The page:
"If we believe someone else is “misreading” a text, we can take the person back to that text, ask the text again what it is “saying,” and demonstrate to that person by the text’s own agency that his or her interpretation is incorrect and ours is better. Contrary to this common misconception, however, if we are in fact successful in changing another person’s mind about the text’s meaning, it will have been our agency that affected our friend’s reading of the text, not any fictitious agency of the text itself. Texts cannot dispense their meaning, and they cannot control their interpretation. Those activities are done by human beings."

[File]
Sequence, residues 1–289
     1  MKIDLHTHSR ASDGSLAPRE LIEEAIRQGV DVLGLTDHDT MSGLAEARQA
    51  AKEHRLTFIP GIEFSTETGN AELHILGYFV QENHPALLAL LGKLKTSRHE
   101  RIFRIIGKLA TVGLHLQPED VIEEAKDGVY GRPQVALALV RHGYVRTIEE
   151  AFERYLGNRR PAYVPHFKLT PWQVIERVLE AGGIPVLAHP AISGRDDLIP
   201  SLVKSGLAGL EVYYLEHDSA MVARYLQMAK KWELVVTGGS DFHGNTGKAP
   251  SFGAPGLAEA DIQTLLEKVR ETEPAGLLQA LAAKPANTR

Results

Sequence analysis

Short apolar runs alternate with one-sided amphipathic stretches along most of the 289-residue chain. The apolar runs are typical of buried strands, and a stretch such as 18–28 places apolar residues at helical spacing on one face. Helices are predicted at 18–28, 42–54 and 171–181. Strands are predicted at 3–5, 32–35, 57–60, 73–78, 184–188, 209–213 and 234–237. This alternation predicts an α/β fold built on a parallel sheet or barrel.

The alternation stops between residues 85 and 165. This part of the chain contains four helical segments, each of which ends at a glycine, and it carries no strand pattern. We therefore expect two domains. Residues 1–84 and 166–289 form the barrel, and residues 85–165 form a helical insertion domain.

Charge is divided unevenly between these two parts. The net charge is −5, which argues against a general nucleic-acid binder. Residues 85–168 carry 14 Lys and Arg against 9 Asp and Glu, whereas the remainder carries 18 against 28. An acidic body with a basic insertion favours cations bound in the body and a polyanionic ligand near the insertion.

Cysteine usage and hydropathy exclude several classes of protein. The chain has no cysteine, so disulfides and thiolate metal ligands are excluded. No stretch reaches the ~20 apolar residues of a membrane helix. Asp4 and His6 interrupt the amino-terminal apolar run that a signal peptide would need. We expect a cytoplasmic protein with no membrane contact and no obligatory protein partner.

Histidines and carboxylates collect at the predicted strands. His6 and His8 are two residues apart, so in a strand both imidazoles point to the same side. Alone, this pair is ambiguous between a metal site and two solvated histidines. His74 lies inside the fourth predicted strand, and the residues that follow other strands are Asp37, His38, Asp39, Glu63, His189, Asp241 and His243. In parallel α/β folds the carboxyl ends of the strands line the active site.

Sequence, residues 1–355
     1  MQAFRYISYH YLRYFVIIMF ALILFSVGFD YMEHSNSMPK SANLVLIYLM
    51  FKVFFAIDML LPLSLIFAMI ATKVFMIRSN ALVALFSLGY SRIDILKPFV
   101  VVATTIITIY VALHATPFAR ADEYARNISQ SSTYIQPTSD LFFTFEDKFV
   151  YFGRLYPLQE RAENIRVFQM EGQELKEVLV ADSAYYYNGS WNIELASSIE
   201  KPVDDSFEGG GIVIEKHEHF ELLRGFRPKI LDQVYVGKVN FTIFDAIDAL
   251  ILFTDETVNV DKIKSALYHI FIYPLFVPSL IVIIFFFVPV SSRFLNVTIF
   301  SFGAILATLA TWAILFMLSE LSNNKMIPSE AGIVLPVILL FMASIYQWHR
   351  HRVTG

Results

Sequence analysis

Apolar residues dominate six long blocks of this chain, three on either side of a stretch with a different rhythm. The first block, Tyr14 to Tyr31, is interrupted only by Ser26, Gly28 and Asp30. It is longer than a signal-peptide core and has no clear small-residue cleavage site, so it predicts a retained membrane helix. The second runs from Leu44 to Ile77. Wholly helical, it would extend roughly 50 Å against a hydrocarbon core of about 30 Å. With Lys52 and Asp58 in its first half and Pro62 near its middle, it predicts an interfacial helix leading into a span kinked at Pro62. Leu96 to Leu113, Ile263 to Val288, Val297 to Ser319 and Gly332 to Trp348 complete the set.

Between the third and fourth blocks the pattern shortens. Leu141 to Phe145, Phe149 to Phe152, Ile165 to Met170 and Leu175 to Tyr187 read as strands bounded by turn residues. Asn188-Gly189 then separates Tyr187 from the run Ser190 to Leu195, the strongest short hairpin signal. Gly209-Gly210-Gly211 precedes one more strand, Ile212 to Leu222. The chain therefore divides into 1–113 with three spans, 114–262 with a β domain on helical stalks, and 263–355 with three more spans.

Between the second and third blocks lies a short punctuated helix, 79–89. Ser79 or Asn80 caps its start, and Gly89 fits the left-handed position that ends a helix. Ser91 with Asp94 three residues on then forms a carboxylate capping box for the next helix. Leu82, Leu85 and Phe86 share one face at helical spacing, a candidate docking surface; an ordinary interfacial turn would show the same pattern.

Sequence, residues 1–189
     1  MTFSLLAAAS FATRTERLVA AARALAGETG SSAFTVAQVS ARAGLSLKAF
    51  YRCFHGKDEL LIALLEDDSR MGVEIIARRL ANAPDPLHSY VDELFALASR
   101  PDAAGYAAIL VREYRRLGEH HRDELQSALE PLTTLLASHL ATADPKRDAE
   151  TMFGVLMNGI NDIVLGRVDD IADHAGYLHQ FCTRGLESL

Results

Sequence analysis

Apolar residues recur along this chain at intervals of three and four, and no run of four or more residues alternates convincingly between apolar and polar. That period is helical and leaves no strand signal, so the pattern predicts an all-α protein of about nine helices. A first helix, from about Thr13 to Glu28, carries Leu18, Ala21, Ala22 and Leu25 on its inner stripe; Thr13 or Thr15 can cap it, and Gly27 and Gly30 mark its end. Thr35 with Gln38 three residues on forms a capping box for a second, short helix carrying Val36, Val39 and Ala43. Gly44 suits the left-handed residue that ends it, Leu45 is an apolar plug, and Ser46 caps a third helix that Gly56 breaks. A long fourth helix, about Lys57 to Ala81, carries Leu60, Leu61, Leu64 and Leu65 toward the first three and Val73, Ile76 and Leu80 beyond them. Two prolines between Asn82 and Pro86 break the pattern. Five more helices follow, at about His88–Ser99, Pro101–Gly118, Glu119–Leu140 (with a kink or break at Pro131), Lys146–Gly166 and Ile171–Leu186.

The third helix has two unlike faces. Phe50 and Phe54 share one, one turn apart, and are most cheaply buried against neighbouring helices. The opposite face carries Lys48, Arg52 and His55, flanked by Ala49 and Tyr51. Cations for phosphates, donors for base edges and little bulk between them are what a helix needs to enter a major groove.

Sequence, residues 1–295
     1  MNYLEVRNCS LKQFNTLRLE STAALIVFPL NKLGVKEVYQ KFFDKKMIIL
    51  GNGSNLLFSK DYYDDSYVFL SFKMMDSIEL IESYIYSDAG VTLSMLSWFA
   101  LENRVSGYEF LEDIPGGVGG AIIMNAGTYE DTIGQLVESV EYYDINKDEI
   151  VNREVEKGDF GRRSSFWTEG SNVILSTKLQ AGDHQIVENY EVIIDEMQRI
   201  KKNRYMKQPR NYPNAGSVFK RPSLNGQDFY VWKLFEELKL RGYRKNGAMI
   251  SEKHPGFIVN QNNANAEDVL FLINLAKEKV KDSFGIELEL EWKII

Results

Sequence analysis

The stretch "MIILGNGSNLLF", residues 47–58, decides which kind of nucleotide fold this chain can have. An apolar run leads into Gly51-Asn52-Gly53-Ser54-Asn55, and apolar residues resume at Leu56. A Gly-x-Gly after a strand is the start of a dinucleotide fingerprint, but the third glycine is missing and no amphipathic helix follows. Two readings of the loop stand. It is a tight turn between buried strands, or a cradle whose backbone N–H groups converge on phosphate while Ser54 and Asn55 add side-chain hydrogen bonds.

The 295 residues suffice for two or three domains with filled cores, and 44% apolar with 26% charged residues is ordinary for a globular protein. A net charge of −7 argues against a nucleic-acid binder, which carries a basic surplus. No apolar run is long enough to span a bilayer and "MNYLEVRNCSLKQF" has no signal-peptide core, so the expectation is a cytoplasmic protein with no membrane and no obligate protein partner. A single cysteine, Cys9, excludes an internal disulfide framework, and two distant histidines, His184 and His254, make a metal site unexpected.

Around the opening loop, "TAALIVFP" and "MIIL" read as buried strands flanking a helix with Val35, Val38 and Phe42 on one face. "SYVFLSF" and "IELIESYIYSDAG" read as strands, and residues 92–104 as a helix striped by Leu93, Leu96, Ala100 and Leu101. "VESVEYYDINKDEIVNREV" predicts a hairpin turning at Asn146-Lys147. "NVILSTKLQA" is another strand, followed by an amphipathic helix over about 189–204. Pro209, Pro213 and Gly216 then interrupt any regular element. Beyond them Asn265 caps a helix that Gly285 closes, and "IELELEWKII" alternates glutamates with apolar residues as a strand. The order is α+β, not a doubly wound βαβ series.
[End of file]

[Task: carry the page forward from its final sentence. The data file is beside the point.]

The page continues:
— Dale B. Martin. Pedagogy of the Bible: An Analysis and Proposal

"Paul suggests that gentiles can practice a law written in their hearts, which will be seen as not only equal to but also above the written Torah…It should be remembered that in Paul’s day the only religious law for Paul was that of the Jewish Bible, in Hebrew… Though Torah and the New Testament, including Paul’s letters, will eventually shape church law, the New Testament’s books are not in themselves composed as law. They are not a self-consciously composed constitution. They contain no Ten Commandments in form or statement."

— Willis Barnstone, Restored New Testament